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Gilead will test inhaled remdesivir in earlier-stage COVID-19

Phase 1 trial due to start in August


Gilead Sciences plans to start testing an inhaled formulation of its lead COVID-19 therapy remdesivir – currently dosed intravenously – that could allow it to be given to earlier-stage patients outside hospital.

In an open letter, Gilead’s chief executive Daniel O’Day said the new formulation of the drug – given via a nebuliser – will be given to healthy volunteers in a phase 1 trial due to start in August.

If it works, the inhaled version of the antiviral “could have significant implications in helping to stem the tide of the pandemic”, according to O’Day.

Remdesivir was the first drug to be shown to have an effect on COVID-19 in controlled clinical trials, and is currently the only drug with emergency use authorisation to treat COVID-19 in the US after the FDA pulled approval for chloroquine and hydroxychloroquine last week.

Gilead’s drug has shown that it can reduce the time spent in hospital for patients hospitalised with severe COVID-19 symptoms – down to 11 days from around 15 in a trial run by the National Institute of Allergy and Infectious Disease (NIAID) – although it hasn’t been proven to improve the chances of surviving the disease.

So far, the only drug that has reduced mortality in COVID-19 is dexamethasone, a low-cost generic steroid that cut the death rate for the most seriously-ill patients by 41% at 28 days in the large-scale RECOVERY trial.

That result has stolen some of remdesivir’s thunder as the lead drug candidate treating coronavirus infections, but there’s already talk of combining the drugs to improve outcomes further. Gilead meanwhile says that it needs to do a lot more testing of its antiviral therapy.

“We have already learned a lot about how remdesivir works in a relatively short space of time,” wrote O’Day in the letter, adding: “And yet, we still have some way to go in exploring the full potential of remdesivir to help against COVID-19.”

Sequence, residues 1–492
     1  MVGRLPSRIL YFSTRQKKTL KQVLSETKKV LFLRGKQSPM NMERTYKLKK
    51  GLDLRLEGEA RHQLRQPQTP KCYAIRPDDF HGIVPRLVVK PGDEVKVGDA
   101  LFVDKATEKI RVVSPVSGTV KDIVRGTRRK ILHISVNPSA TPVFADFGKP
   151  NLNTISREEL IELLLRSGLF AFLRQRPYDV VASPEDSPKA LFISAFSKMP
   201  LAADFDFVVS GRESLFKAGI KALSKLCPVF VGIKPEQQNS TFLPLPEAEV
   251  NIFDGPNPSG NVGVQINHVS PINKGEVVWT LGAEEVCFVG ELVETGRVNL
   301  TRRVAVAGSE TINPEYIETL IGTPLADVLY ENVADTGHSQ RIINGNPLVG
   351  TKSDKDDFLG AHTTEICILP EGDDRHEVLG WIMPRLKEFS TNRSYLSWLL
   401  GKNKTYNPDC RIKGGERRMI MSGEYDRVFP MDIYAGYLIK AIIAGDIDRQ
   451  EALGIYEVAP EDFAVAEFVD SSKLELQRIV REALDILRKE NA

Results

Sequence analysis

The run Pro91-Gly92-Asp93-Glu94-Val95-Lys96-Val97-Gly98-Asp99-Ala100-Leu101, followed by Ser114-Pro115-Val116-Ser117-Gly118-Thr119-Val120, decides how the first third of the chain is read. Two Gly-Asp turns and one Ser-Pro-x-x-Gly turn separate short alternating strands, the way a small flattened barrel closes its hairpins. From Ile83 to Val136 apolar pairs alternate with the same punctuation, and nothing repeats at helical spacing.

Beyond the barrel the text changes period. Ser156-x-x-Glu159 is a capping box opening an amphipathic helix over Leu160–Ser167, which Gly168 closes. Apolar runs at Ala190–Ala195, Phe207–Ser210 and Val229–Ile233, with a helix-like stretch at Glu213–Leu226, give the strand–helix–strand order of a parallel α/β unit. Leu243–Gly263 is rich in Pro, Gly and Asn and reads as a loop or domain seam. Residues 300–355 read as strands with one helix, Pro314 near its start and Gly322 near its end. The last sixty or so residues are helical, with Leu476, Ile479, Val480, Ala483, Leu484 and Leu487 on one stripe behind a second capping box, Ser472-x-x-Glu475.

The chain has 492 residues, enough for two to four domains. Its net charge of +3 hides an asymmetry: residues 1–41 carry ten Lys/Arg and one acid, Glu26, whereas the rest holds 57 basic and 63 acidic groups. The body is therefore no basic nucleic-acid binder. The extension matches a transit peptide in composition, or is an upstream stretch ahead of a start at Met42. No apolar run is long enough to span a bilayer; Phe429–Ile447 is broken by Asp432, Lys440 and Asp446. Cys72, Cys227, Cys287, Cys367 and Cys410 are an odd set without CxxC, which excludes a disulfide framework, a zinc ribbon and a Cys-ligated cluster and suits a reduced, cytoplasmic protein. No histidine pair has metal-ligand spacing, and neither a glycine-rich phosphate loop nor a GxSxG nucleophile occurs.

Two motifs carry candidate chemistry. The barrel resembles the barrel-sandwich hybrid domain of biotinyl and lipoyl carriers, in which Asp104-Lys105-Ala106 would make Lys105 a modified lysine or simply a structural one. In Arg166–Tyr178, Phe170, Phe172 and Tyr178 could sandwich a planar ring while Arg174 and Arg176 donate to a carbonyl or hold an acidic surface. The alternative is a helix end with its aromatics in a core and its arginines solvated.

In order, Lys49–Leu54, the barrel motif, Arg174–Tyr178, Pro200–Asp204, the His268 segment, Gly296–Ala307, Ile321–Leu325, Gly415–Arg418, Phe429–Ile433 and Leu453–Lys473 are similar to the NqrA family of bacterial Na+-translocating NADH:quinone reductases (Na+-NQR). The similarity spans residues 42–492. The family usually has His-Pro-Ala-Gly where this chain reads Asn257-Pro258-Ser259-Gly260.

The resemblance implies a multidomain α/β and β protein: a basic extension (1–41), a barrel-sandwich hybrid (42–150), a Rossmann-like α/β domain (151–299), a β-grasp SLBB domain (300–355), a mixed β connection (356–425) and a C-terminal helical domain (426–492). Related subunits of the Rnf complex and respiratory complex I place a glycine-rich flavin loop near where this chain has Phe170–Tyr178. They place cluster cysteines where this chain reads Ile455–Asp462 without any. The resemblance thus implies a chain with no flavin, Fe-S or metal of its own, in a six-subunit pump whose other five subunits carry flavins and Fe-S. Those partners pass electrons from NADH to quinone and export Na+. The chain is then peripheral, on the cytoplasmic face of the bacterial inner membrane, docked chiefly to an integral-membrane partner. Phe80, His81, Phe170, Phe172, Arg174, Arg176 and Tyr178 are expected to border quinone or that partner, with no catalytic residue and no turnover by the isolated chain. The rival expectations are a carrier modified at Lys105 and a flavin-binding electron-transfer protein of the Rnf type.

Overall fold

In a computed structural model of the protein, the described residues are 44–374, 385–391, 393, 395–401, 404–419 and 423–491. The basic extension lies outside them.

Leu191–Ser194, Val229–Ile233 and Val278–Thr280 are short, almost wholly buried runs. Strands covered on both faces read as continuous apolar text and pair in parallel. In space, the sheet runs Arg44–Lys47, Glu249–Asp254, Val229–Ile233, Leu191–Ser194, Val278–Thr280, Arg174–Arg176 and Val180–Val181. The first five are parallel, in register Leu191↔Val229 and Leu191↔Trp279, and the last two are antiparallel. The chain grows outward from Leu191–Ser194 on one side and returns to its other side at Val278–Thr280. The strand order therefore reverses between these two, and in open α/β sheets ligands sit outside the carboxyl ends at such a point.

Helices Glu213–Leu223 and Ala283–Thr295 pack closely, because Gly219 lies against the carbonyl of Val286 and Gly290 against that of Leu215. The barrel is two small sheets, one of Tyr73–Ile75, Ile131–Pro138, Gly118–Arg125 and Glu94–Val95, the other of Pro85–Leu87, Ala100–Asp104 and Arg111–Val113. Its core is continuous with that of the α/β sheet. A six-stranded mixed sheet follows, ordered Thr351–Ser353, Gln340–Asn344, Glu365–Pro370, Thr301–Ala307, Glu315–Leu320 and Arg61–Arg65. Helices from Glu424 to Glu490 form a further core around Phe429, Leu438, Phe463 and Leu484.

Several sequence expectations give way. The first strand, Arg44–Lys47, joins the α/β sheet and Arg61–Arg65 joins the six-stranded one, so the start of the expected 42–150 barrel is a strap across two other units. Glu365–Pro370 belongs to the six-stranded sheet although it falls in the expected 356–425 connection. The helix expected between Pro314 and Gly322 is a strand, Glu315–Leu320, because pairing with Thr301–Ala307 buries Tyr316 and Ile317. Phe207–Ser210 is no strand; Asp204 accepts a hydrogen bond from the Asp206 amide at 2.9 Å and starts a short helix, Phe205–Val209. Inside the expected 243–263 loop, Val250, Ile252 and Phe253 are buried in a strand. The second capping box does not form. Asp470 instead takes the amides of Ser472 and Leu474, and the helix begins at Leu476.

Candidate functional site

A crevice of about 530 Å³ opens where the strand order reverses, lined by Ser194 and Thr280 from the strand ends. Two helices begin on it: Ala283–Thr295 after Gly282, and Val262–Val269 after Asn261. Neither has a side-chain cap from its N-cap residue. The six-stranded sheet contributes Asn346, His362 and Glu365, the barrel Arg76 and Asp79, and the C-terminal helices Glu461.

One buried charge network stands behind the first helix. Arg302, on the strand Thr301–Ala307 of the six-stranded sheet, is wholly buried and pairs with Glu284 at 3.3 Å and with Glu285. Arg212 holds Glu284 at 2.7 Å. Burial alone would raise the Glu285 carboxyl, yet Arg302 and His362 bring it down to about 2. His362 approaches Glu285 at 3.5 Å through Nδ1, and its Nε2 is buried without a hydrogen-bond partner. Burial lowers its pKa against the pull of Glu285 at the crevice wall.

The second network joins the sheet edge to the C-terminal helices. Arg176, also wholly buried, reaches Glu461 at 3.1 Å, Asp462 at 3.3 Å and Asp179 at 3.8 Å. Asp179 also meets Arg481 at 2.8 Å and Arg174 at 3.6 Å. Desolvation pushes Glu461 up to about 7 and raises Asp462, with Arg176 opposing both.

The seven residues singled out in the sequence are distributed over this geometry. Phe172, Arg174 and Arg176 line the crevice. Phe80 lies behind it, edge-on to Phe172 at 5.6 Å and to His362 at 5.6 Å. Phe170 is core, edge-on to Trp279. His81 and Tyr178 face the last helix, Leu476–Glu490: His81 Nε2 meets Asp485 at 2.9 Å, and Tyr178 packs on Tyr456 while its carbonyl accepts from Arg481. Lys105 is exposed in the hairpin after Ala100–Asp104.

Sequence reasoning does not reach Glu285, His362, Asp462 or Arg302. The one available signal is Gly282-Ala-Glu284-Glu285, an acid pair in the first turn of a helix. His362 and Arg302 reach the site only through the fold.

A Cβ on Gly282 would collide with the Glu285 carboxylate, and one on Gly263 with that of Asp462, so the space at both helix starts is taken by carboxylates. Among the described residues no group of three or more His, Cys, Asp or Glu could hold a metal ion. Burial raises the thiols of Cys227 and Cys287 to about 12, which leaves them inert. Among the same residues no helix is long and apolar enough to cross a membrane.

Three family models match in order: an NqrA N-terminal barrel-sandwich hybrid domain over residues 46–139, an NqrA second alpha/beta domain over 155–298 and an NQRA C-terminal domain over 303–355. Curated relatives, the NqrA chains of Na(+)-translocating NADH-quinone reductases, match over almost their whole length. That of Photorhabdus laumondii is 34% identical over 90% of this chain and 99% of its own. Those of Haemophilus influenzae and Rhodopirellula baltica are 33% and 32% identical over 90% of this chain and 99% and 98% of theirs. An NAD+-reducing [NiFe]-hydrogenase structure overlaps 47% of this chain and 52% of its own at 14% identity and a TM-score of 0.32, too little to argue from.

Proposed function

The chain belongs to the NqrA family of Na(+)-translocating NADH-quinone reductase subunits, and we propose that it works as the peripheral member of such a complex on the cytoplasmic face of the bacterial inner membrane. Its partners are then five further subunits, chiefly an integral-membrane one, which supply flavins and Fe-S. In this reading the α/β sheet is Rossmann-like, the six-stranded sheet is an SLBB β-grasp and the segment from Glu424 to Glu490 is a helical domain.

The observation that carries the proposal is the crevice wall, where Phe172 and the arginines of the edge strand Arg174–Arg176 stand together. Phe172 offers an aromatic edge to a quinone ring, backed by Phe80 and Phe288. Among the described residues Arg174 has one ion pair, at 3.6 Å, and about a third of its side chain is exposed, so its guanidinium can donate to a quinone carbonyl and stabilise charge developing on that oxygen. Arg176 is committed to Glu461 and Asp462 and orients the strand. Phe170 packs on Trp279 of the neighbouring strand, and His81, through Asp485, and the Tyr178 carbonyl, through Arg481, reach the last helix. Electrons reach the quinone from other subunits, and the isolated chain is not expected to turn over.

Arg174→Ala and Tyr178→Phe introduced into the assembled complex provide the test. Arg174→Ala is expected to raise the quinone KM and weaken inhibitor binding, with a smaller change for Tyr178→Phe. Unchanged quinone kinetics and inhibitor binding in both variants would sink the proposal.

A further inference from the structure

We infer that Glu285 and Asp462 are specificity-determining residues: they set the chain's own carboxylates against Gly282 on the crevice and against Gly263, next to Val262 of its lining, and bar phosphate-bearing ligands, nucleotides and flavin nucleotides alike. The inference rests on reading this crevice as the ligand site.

Combination studies and testing in additional patient groups are at the planning stages, said the CEO, noting that trials of remdesivir with anti-inflammatory drugs – Eli Lilly’s JAK inhibitor Olumiant (baricitinib) and Roche’s IL-6 blocker Actemra (tocilizumab) – will generate results in the coming months.

There was no news of a combination trial with dexamethasone, although O’Day said the RECOVERY data “appears to further support the study of complementary approaches for treating COVID-19”.

Last week, Gilead also announced it would start a trial of its antiviral drug remdesivir in children with COVID-19, in the wake of reports that some young people infected with the virus go on to develop serious and life-threatening inflammatory reactions. Additional studies will involve pregnant women and people with end-stage renal disease.

It is also planning to test the intravenous formulation of the drug outside hospital settings – in infusion centres and nursing homes, for example – to see if starting treatment earlier in patients at high risk of disease progression promotes better outcomes.

Article by
Phil Taylor

23rd June 2020

From: Research



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